Part One: My pal and sometime Shakesville contributor Erica Barnett forwarded this piece by Sarah Kliff in the WaPo about a campaign in Georgia (US) to raise awareness about "what childhood obesity actually looks like."
I'm not even going to go into, for the ten thousandth time, discussions of how fat is a systemic problem, the link between fat and poverty, the known but ignored reality that children may self-medicate with food to fill an emotional void left by neglect or abuse, or the facts that children's bodies tend to store fat before growth spurts and not all fat children become fat adults (and not all fat adults were fat children).
Instead, I'm just going to note, with a brevity befitting the profundity of my comprehensive contempt, that this is some real bullying horseshit.
Even if (which is an enormous "if," in my estimation) parents are truly in need of a campaign to educate them about "what childhood obesity actually looks like," there are certainly other ways of conveying the information that via posters and associated media that make fat children look like they're criminals on a show called "America's Most Hated."
Part Two: Shaker FarmerStina forwarded this piece by Vicky Buffery for Reuters about French diet guru Pierre Dukan's proposal "that France tackle child obesity by giving extra exam marks for slimness. ... The plan calls for high school students to be allowed to take a so-called 'ideal weight' option in their final year exams, the 'baccalaureat', under which they would earn extra points if they kept a body mass index (BMI) of between 18 and 25."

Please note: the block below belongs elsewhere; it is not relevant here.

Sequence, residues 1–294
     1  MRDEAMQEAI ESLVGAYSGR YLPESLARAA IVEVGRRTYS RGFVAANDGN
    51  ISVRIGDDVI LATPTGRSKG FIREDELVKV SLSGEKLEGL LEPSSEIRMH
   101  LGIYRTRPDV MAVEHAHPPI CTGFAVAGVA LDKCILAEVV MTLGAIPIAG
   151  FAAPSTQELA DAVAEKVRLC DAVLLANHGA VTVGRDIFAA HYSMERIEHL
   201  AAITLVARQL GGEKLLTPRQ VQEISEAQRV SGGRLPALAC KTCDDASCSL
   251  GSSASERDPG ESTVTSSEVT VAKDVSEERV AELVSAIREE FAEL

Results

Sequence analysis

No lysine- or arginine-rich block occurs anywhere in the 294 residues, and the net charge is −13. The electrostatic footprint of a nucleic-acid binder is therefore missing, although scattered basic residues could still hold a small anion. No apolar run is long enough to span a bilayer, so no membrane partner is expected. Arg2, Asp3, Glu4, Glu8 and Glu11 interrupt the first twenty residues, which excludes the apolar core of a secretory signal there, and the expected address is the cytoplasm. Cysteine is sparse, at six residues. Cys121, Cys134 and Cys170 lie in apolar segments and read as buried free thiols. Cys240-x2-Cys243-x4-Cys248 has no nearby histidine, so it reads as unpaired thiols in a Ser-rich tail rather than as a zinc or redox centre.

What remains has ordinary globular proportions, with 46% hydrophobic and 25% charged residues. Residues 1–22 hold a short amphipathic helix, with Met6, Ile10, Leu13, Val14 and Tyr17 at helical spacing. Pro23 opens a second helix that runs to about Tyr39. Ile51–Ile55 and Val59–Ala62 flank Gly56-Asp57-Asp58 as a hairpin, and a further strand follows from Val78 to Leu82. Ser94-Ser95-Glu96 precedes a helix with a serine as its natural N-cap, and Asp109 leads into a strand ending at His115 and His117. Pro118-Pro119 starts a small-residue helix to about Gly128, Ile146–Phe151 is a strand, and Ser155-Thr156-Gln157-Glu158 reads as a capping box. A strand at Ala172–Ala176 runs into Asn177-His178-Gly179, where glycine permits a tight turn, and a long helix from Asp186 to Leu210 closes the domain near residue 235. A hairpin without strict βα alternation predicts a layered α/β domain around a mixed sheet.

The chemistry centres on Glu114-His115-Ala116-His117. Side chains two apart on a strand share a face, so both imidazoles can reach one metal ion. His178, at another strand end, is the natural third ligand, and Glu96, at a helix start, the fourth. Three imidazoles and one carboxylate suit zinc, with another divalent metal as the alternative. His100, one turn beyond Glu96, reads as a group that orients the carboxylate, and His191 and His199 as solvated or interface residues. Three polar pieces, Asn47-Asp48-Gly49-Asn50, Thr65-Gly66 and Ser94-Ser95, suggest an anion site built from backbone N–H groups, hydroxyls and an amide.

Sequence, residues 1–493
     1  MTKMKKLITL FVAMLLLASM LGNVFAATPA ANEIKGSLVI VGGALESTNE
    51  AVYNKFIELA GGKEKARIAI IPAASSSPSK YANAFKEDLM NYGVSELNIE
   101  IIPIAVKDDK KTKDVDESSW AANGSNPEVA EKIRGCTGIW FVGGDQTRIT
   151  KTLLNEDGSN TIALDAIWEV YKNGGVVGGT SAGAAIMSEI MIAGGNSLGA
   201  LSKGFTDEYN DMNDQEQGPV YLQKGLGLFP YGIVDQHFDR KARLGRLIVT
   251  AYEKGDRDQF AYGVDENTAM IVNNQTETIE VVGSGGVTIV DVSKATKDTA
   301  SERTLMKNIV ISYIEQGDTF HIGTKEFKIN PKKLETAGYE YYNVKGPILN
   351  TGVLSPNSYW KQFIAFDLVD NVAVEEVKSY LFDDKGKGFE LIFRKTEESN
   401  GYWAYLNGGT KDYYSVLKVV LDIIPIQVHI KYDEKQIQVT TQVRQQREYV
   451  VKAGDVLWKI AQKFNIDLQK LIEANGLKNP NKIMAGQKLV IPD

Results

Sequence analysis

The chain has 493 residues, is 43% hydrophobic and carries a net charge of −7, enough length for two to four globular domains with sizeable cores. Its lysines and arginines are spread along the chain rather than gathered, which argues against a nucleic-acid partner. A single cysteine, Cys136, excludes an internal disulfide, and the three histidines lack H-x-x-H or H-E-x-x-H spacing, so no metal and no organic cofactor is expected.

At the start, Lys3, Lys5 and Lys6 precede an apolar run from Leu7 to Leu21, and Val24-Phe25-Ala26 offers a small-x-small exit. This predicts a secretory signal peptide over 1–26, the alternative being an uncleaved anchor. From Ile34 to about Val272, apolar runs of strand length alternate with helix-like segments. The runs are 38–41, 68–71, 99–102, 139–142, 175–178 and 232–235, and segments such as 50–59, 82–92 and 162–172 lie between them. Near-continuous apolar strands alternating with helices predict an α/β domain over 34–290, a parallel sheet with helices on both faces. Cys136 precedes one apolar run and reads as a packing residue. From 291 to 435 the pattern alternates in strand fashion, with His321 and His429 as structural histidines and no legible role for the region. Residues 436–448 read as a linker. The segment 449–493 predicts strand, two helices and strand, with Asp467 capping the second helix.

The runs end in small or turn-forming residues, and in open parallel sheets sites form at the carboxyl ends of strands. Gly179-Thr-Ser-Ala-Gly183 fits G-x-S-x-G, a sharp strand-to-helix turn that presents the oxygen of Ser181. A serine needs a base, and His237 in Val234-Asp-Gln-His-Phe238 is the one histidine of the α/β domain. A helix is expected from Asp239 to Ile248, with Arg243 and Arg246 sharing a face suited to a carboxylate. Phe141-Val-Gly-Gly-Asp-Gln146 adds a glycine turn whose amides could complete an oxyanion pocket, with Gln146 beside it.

"Ideal weight" is such a fascinating term, isn't it?
I wonder how many people who use the term "ideal weight," as if it isn't an arbitrary standard created in accordance with an arbitrary beauty ideal that ignores an entire spectrum of natural body diversity, have ever considered what an "ideal weight" may be for, say, a person recovering from disordered eating, a person whose metabolism is fucked from crash dieting, a fat person who has spent hir life being publicly and privately bullied and struggles to maintain a modicum of self-esteem...
There are people in this world who can't not be fat without thinking about everything they eat in exacting detail, and there are people for whom thinking about everything they eat in exacting detail is emotionally devastating.
Which means there are people in this world for whom an "ideal weight" is whatever weight at which they can exist in relative peace, whatever weight at which they can love themselves.
There really shouldn't be anything controversial about that.